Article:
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Olivia Colman Online is your oldest fansite dedicated to actor Olivia Colman who is widely known for her roles as Sophie in Peep Show, DS Miller in Broadchurch as well as many other roles in film, TV and theatre. We’ll do our best to provide you with all the latest news, pictures, videos and more. Candids and paparazzi pictures will not be featured on this site.

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The Favourite – movie
Murder on the Orient Express – movie
Fleabag s2 – TV series
The Night Manager s2 – TV series
Mosquitoes – stage play

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Site Name: Olivia Colman Online
Online Since: 2005
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OCO is in no way affiliated with Olivia. I am just a friendly fan showing my appreciation and dedication towards the amazing Actress. All Photos & Media belong to their respectful owners and are being used under Fair Copyright Law 107. I own none of the images if you would like credit added or any images removed please email. This is a fansite run for no profit and only here to support Olivia Colman and her career.

Alice is a physicist working at CERN. Her sister Jenny is the kind of Google-trained, self-proclaimed “expert” who chain smokes but distrusts diet coke and worries that vaccines cause autism. Lucy Kirkwood’s latest play, following the excellent Chimerica, pits them against each other, in a grudge match of reason vs emotion that ranges from the risk of ultrasounds to the potential destruction of the universe at the hands of meddling scientists.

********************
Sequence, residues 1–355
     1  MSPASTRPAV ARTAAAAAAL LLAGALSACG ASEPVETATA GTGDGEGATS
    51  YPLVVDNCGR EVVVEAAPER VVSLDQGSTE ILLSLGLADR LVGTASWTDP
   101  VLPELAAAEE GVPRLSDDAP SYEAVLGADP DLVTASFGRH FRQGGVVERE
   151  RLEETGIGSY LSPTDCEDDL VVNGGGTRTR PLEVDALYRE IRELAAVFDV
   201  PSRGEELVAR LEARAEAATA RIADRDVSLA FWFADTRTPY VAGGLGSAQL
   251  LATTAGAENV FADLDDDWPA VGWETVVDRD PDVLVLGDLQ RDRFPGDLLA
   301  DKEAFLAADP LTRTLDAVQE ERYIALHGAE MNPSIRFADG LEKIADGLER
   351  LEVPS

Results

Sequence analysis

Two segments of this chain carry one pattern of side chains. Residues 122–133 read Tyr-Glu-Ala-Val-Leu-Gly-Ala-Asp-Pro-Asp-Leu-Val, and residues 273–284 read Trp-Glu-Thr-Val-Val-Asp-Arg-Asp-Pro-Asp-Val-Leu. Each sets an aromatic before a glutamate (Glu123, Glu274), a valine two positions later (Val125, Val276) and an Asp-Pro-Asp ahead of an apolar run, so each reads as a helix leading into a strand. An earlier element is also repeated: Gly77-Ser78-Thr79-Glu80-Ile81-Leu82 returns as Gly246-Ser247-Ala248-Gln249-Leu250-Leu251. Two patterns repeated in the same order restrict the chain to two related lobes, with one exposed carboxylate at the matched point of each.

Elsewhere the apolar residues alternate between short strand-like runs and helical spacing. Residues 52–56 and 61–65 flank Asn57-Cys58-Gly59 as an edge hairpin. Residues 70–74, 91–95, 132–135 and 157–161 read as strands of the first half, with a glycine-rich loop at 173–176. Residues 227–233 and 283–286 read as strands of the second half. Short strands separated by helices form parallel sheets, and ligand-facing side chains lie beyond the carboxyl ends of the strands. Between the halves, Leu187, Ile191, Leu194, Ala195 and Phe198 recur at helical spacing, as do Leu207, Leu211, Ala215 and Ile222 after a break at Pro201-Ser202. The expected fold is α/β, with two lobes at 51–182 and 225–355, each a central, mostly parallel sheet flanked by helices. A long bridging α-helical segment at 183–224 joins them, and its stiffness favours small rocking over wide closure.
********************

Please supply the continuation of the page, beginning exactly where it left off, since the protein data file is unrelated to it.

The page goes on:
Both characters are deeply flawed, and it’s commendable to see portrayals of people who have suffered personal tragedies being forced to confront their actions rather than be coddled as helpless victims. The dialogue and acting are strong throughout, especially from Olivia Williams (Alice) and Broadchurch star Olivia Colman (Jenny) as the sisters. Their opening scene is a spectacular argument on the merits of facts over parental instincts, and is hilarious and moving to boot.

Colman in particular shines as an unsympathetic and tactless pseudoscience advocate, who nonetheless at times displays more emotional intelligence than anyone else in the play. A special mention should also go to Paul Hilton, who plays Alice’s estranged partner, a brilliant but unhinged physicist listed in the credits simply as “The Boson”. His monologues on the wonder of scientific discovery, fused with the visceral panic of experiencing mental breakdown, are sensational.

It’s quick-witted and thought-provoking, with a phenomenal set that at times resembles an intimate planetarium. It’s a shame, then, that there are too many competing plotlines and themes, which resolve towards the end in an unsatisfactorily forced conclusion. At crucial moments of tension, competing threads detract from the main story, with fresh crises looming before the audience has had time to properly process the last.

This is, at its core, a play about science, and how we talk about science. It’s about the way we all misunderstand risk, distrust experts, and dismiss those we consider too stupid to understand our own reasoning. When the play focuses on this, it’s a work of rare brilliance. The problems arise when it gets sidetracked by other themes: the challenges faced by women in technical fields, loss of agency in old age, children’s desire not to grow up like their parents, sibling rivalry, mental illness, motherhood, guilt. While these are all interesting topics, there just isn’t time to explore them properly.

Come for the acting, stay for debate on scientific communication, and try to forgive the convoluted plot.

Source: cityam.com – Mosquites at the National Theatre review

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